This disclosure presents a semi-rigid transmission line for downhole tools that are associated in a drill string, tool string, bottom hole assembly, or in a production well. The downhole tools, in reference to a drill sting, are joined together at tool joints, and in order to transmit information and power along the tool string, it is necessary to provide a transmission system that includes means for bridging the connected tool joints and a transmission line that is capable of elongation, that is impervious to abrasive fluids, and that is resistant to the dynamic gravitational forces and acceleration ever present in the downhole environment. Such a transmission line is presented herein consisting of tensile components comprising an outer conductor, a dielectric, and an inner conductor. The outer conductor may be a metal tube adapted for high electrical conductivity; the dielectric is preferably a fluoropolymer or a ceramic material having a low dielectric constant. Since a gas such as air has the lowest dielectric constant, it would be the preferred dielectric. Therefore, a foam or porous material may be used to achieve the lowest dielectric constant possible. The center conductor is a metal wire preferably having electrical properties at least about that of aluminum and copper. Hollow, solid, and multiple strand center conductors have useful properties in this disclosure. The center conductor may be coated in order to improve its electrical conductivity. The improvement of this disclosure is to provide a transmission line that is resistant to the dynamic loads of the tool string. This is achieved by placing the components of the coaxial line in sufficient contact with each other that independent motion between them is substantially abated. It is believed that at least about between 0.001″ and 0.005″ of diametric interference is required to substantially abate independent motion.
A tool string for drilling oil, gas, and geothermal wells consists of interconnected sections of downhole tool components associated with drill pipe. The tool string may also comprise coiled tubing, which is a continuous length of tubing. The chief advantage of coiled tubing is that it eliminates the segmented composition of the tool string in so far as it may relate to the drill pipe. However, even in coiled tubing applications, it is necessary to connect up to downhole tools in order to obtain full the utility of the varied downhole tools required to successfully drill a well. Whether in a segmented or continuous configuration, a downhole transmission line for transmitting data up and down the tool string must be capable of withstanding the dynamic conditions of drilling. These dynamic conditions include high tensile stresses, due to the suspended mass of the tool string, where the elastic strain is believed to be at least about 0.3%; rapid accelerations associated with the loading and unloading of the tool string and drill bit, and gravitational forces that may approach 500 g's. Therefore, the components of the transmission line must be able to withstand these conditions for an extended period of time, since drilling may proceed uninterrupted for 100 hours or more and since the life of some downhole tools is about 5 years.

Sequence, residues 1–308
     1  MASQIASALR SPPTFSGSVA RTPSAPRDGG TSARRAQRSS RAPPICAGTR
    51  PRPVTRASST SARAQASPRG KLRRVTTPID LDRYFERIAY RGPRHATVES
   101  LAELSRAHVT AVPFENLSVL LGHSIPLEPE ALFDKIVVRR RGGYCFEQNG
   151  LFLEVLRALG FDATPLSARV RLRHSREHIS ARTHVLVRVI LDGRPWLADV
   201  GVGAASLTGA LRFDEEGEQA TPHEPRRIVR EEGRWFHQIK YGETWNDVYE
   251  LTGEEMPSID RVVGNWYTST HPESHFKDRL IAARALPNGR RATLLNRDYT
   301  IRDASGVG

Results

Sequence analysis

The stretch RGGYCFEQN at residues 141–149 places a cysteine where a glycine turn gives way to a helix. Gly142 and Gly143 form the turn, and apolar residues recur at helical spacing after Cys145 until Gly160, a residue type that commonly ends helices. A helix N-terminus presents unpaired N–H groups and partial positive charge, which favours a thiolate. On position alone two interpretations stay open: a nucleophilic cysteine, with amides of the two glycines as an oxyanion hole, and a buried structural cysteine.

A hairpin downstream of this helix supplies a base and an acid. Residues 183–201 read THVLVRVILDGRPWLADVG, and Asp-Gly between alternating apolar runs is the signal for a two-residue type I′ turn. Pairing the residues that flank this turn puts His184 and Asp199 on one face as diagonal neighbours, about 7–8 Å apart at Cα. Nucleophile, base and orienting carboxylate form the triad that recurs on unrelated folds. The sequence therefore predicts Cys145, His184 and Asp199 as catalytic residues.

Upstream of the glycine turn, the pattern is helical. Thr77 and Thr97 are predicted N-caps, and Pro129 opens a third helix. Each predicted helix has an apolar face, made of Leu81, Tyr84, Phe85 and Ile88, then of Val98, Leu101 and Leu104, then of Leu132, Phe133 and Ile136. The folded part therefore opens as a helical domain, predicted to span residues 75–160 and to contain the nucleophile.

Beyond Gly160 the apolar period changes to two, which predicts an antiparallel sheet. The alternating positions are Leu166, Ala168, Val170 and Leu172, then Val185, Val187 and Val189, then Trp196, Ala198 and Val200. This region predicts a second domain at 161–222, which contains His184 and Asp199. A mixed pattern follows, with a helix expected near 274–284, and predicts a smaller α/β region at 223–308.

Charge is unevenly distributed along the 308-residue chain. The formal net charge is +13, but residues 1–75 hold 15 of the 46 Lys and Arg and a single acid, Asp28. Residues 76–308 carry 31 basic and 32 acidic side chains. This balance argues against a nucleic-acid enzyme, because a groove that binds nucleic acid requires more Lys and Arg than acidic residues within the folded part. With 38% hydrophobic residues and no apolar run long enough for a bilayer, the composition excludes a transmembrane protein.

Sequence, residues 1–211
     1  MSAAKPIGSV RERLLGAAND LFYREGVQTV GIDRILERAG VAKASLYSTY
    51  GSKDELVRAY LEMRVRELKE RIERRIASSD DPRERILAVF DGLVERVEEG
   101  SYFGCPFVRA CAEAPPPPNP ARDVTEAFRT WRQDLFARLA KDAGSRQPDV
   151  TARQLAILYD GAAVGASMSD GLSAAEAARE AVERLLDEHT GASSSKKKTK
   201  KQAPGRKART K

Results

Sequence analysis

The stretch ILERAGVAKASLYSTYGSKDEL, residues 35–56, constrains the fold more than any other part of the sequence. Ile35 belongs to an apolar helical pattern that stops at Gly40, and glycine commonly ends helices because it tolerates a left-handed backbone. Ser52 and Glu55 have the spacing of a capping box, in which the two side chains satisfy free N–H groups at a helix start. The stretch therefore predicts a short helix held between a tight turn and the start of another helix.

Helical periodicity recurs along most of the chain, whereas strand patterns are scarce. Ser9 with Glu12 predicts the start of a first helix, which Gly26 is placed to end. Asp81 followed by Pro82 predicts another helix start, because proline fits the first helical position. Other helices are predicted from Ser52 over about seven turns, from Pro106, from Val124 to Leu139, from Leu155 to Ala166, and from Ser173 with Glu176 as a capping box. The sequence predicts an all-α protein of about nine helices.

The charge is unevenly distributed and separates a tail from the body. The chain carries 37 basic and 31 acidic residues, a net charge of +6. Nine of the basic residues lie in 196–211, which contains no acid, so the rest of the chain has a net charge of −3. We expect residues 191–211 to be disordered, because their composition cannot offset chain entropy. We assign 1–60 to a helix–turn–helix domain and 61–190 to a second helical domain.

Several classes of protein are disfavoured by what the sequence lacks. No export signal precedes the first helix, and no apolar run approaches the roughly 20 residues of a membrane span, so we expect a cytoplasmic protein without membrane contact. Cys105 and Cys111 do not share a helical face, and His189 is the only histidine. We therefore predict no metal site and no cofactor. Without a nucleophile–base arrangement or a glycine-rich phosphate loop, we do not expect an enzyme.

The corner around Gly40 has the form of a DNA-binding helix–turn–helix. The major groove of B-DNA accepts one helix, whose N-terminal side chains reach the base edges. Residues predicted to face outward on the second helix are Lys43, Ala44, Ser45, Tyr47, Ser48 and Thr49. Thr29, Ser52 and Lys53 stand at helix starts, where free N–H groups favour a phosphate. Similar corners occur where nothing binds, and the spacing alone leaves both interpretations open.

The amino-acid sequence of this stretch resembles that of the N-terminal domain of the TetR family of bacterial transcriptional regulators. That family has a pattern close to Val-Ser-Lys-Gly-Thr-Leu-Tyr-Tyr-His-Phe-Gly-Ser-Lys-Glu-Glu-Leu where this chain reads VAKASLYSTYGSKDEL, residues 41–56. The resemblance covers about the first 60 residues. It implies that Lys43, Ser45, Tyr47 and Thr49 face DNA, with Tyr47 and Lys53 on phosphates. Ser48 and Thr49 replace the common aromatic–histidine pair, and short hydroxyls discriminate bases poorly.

The semi-rigid transmission line of this disclosure is designed to meet the requirements of extended life in the downhole environment. The transmission line may be adapted for use in any of the various downhole tools that are associated in a drill string, tool string, bottom hole assembly, or in equipment placed in a production well. In a segmented tool string, the downhole tools are joined together at tool joints, and in order to transmit information and power along the tool string, it is necessary to provide a transmission line that is compatible with the tool joints and tool joint make up. Like the tool body, itself, the transmission line must also be capable of elongation, be resistant to corrosion and wear, and provide reliable service when subjected to repeated gravitational forces and accelerations ever present in the downhole environment. The transmission line of this disclosure comprises components consisting of a metal outer conductor having the mechanical strength of the annular drill pipe and other downhole tools, and a TeflonŽ, or similar fluorine polymer, dielectric material that encases an inner conductor having similar mechanical properties of the outer conductor.
It is believed that efficiency in the design of the transmission line of the present invention may be achieved by combining the mechanical properties of the outer conductor with the electrical properties of the inner conductor. Therefore, a preferred outer conductor may comprise a metal tube that is lined with a material having high electrical conductivity, or it may consist of a tube within a tube, for example a strong metal tube having an aluminum or copper tube inserted therein. Nevertheless, the applicants have found that a steel tube of 300 series stainless steel is an acceptable conductor for short distances.